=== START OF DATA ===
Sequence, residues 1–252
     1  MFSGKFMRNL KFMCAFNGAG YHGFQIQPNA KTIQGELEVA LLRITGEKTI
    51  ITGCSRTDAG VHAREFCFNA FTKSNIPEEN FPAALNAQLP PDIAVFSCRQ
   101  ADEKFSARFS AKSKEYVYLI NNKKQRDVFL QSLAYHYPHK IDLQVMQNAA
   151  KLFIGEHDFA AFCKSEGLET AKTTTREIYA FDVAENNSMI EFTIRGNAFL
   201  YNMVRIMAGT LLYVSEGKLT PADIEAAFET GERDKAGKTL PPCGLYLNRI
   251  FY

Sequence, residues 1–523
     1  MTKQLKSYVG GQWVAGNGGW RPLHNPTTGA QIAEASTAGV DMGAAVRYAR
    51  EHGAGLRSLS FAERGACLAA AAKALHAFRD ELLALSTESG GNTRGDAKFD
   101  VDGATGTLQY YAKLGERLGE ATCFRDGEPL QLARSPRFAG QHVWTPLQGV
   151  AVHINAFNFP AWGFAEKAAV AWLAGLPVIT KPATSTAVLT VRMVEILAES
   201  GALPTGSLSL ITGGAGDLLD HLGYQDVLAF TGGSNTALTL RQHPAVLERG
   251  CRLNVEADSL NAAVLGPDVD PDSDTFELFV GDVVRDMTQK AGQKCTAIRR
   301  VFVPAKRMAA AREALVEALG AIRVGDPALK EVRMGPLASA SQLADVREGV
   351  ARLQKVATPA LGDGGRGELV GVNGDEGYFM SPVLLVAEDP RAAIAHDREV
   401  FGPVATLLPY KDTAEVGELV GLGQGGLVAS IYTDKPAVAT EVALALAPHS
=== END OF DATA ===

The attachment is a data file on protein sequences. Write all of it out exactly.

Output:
Sequence, residues 1–252
     1  MFSGKFMRNL KFMCAFNGAG YHGFQIQPNA KTIQGELEVA LLRITGEKTI
    51  ITGCSRTDAG VHAREFCFNA FTKSNIPEEN FPAALNAQLP PDIAVFSCRQ
   101  ADEKFSARFS AKSKEYVYLI NNKKQRDVFL QSLAYHYPHK IDLQVMQNAA
   151  KLFIGEHDFA AFCKSEGLET AKTTTREIYA FDVAENNSMI EFTIRGNAFL
   201  YNMVRIMAGT LLYVSEGKLT PADIEAAFET GERDKAGKTL PPCGLYLNRI
   251  FY

Sequence, residues 1–523
     1  MTKQLKSYVG GQWVAGNGGW RPLHNPTTGA QIAEASTAGV DMGAAVRYAR
    51  EHGAGLRSLS FAERGACLAA AAKALHAFRD ELLALSTESG GNTRGDAKFD
   101  VDGATGTLQY YAKLGERLGE ATCFRDGEPL QLARSPRFAG QHVWTPLQGV
   151  AVHINAFNFP AWGFAEKAAV AWLAGLPVIT KPATSTAVLT VRMVEILAES
   201  GALPTGSLSL ITGGAGDLLD HLGYQDVLAF TGGSNTALTL RQHPAVLERG
   251  CRLNVEADSL NAAVLGPDVD PDSDTFELFV GDVVRDMTQK AGQKCTAIRR
   301  VFVPAKRMAA AREALVEALG AIRVGDPALK EVRMGPLASA SQLADVREGV
   351  ARLQKVATPA LGDGGRGELV GVNGDEGYFM SPVLLVAEDP RAAIAHDREV
   401  FGPVATLLPY KDTAEVGELV GLGQGGLVAS IYTDKPAVAT EVALALAPHS